The Unexamined Life

“The unexamined life is not worth living.”

-Socrates

We threw a baby shower for my sister tonight, and as I was listening to conversations going on around the room I was in particular admiration of my sister’s sister in law.  She carried on conversation with ease and confidence, expressing her opinions without skipping a beat.  I have so much admiration for the people in my life that have such decided opinions, routines, and particularities. When I talk, words tend to choke in my mouth, and I tend to express opinions somewhat impulsively — one day I might tell you I love chocolate cake, the next I might tell you I’m not much of a cake person. One day I might tell you I don’t watch what I eat, the next I might tell you I’m thinking about going Paleo (can you tell I’m going to Hawaii in a week and am having anxiety about inevitable food binges approaching over the holidays?).

I don’t think I’m super consistent about things that I express, and it leads me back to Sunday School lessons about making decisions before you get in a situation where you have to decide what to do: decide not to drink alcohol BEFORE you go to the party, decide where you will draw the line physically BEFORE your hot date tonight, decide BEFORE walking into Target how much you will spend and what you will and will not buy (and what isles you must not go down!).

A successful life needs rules and a routine.  Waking up and beginning your day with no plan is a recipe for disaster (fail to plan, plan to fail). I have a HUGE problem with this.  I am not a routine person and I tend to be wishy-washy in the things I want. Which leads me to the problem with making exceptions.  There is always an excuse to make an exception to your rules (if you even have rules to begin with), and if you EVER let yourself make an exception without a dang good life-or-death sort of reason, you will ALWAYS make exceptions, which means most days will end up being a not-working-out sort of day, or a quesadillas-for-dinner sort of day, or a spent-my-grocery-budget-on-clothes-at-Target sort of day.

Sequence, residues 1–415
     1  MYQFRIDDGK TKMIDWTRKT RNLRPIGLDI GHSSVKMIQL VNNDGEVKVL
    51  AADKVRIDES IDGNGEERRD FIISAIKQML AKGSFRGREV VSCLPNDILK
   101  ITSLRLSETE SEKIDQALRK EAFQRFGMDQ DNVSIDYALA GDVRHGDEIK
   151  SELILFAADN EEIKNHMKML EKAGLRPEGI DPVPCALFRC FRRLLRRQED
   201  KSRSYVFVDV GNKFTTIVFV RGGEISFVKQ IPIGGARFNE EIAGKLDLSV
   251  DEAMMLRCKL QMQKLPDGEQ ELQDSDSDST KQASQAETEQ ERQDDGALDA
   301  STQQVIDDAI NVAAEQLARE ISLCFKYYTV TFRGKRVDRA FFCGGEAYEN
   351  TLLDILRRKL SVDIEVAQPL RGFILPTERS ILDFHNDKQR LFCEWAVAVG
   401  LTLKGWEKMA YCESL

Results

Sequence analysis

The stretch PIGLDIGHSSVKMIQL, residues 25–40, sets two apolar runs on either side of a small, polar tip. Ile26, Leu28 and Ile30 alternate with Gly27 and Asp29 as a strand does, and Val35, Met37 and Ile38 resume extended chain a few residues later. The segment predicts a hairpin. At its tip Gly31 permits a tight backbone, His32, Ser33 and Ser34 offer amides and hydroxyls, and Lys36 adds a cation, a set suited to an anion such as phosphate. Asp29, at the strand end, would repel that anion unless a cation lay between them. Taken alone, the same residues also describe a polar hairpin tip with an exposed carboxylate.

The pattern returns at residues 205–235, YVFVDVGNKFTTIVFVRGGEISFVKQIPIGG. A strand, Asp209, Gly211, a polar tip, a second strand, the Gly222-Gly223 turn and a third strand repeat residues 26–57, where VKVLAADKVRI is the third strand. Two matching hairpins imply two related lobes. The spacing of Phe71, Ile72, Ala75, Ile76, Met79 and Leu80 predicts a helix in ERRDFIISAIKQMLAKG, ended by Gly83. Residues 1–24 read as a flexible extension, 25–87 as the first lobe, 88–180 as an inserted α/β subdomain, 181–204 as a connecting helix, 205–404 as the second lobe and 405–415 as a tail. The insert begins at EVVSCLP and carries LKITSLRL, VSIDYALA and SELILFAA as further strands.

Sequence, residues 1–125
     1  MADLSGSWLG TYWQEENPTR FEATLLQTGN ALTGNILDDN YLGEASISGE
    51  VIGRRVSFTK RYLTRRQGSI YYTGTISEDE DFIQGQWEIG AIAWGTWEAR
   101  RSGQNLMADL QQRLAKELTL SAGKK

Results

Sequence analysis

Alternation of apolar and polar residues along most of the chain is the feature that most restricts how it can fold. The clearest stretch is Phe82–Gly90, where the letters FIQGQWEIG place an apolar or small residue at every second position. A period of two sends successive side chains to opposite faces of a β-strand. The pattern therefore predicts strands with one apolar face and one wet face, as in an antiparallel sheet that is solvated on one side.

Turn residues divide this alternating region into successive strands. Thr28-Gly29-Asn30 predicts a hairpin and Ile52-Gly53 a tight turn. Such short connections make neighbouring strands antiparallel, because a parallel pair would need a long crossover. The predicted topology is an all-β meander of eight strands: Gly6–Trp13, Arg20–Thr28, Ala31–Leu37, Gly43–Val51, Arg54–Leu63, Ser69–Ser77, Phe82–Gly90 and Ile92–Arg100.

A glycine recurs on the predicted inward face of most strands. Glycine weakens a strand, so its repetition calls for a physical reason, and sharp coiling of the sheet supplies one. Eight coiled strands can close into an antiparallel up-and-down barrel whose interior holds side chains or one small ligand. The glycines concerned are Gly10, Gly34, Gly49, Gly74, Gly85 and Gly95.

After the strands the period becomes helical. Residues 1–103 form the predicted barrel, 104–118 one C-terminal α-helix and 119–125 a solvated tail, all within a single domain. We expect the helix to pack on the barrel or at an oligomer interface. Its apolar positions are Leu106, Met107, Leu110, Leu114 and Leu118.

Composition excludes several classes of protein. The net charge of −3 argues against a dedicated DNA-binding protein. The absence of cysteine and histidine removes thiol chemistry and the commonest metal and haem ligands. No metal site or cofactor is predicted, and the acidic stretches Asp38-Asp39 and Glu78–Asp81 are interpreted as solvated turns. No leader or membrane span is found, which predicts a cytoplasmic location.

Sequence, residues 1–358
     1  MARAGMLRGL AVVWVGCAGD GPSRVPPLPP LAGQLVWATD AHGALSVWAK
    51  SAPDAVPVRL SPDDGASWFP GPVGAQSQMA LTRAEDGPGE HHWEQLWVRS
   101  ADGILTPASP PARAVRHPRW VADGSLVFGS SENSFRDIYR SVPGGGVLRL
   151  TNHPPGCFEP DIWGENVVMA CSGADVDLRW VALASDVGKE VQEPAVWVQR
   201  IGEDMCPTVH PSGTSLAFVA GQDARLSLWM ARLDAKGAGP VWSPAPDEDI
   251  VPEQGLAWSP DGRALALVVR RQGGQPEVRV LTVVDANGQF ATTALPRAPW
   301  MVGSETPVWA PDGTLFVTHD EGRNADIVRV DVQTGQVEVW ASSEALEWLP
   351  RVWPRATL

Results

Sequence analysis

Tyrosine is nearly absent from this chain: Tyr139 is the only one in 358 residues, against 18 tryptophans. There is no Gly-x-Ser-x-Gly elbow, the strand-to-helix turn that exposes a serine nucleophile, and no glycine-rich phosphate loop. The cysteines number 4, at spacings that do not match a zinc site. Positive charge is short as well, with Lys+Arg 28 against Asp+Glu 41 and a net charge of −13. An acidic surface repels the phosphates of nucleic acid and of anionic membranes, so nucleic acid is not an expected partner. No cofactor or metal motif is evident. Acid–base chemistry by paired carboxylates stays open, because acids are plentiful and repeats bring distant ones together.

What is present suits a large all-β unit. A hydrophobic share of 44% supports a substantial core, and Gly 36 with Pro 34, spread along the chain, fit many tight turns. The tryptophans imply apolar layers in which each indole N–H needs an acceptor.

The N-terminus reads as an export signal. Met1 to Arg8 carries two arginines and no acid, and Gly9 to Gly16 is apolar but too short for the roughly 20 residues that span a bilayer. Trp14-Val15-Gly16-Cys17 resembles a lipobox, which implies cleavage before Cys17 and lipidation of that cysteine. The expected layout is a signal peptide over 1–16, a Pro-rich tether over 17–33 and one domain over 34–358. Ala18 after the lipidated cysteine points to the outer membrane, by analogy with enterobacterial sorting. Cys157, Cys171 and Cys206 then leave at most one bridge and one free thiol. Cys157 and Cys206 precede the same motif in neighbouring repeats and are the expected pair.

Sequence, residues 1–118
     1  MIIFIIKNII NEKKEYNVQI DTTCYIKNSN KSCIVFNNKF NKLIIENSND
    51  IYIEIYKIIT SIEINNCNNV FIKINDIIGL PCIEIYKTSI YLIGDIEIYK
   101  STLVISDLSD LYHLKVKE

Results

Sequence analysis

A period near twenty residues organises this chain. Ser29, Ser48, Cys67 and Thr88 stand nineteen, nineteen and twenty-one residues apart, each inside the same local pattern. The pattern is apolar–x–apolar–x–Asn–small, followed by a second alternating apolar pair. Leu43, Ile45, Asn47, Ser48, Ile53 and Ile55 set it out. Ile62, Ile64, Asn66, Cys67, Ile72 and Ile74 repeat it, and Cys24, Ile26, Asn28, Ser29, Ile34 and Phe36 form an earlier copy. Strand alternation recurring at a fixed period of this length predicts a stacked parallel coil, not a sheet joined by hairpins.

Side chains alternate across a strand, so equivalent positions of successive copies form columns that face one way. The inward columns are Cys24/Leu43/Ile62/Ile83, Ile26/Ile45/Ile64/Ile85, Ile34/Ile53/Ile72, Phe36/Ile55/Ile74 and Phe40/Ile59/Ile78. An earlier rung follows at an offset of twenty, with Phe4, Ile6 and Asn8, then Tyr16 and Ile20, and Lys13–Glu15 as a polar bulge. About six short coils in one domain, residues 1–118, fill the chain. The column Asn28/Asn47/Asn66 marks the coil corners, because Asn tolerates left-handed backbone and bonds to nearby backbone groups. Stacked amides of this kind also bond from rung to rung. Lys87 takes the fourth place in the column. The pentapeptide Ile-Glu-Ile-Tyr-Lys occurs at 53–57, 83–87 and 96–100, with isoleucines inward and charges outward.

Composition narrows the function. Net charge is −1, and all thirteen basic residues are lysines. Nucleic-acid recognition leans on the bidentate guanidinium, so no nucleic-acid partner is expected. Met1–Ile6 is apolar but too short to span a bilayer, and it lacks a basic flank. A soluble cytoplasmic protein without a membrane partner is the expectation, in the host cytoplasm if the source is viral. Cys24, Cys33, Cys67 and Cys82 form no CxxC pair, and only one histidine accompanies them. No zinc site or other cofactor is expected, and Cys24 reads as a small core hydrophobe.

Here is what my husband recently heard and repeated to me about excuses:

“Excuses are how we make ourselves feel better about sucking.”

We need to decide what our principles are, and we need to live them absolutely. And to do this we need to stop and write down the principles for our lives regularly, and we need to speak about them out loud.  We need to weave our rules for life into conversations with our friends so we are accountable to live them.  This could simply mean that each day we write down something we’ve observed.  Do this at the same time every day, even if you only take 5 minutes to do it. If we don’t write down our thoughts, they are fleeting. When we write them, they’re more likely to stick, and even more likely if we tell others about them.  Which reminds me of one more thing my husband read to me yesterday:

“When performance is measured, performance improves. When performance is measured and reported, the rate of improvement accelerates.”

-Thomas S. Monson

It’s pretty amazing how much more likely I am to work out and avoid Target when I know my husband is going to ask me what I did during the day and how my workout was.  Find someone to hold you accountable to your actions — your mom, sister, spouse, or even a counselor. And write every day!!!!!!!

J

PS – My brother Matt left on his LDS Mission to Lyon, France today! He entered the Provo Missionary Training Center today and we all were choking up as we hugged him at the curb and watching him roll his luggage down the sidewalk through the swarm of other missionaries getting out of their families’ cars.  I’m so proud of my amazing brother and the young man he has become and I’m so proud of my parents for loving and teaching him so well.